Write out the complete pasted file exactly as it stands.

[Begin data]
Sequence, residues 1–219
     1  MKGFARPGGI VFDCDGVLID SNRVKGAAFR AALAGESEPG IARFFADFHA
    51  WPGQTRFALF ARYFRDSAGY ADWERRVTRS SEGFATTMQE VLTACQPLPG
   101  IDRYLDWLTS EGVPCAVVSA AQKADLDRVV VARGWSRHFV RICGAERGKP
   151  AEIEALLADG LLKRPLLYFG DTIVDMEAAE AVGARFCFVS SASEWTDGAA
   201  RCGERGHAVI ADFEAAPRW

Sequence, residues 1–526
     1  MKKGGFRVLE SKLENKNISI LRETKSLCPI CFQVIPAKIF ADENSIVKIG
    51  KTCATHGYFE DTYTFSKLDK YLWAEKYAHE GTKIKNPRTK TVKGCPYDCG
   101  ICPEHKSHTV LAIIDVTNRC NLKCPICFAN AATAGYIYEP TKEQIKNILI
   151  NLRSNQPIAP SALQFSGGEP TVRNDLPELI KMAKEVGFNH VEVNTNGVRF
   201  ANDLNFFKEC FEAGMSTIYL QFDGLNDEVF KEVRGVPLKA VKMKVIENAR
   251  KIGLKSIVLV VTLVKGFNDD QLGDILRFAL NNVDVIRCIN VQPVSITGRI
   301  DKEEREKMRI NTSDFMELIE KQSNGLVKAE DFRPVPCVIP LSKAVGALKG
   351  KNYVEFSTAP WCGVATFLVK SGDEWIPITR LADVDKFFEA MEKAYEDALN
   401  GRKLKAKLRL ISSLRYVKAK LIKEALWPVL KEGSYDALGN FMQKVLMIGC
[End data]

Sequence, residues 1–219
     1  MKGFARPGGI VFDCDGVLID SNRVKGAAFR AALAGESEPG IARFFADFHA
    51  WPGQTRFALF ARYFRDSAGY ADWERRVTRS SEGFATTMQE VLTACQPLPG
   101  IDRYLDWLTS EGVPCAVVSA AQKADLDRVV VARGWSRHFV RICGAERGKP
   151  AEIEALLADG LLKRPLLYFG DTIVDMEAAE AVGARFCFVS SASEWTDGAA
   201  RCGERGHAVI ADFEAAPRW

Sequence, residues 1–526
     1  MKKGGFRVLE SKLENKNISI LRETKSLCPI CFQVIPAKIF ADENSIVKIG
    51  KTCATHGYFE DTYTFSKLDK YLWAEKYAHE GTKIKNPRTK TVKGCPYDCG
   101  ICPEHKSHTV LAIIDVTNRC NLKCPICFAN AATAGYIYEP TKEQIKNILI
   151  NLRSNQPIAP SALQFSGGEP TVRNDLPELI KMAKEVGFNH VEVNTNGVRF
   201  ANDLNFFKEC FEAGMSTIYL QFDGLNDEVF KEVRGVPLKA VKMKVIENAR
   251  KIGLKSIVLV VTLVKGFNDD QLGDILRFAL NNVDVIRCIN VQPVSITGRI
   301  DKEEREKMRI NTSDFMELIE KQSNGLVKAE DFRPVPCVIP LSKAVGALKG
   351  KNYVEFSTAP WCGVATFLVK SGDEWIPITR LADVDKFFEA MEKAYEDALN
   401  GRKLKAKLRL ISSLRYVKAK LIKEALWPVL KEGSYDALGN FMQKVLMIGC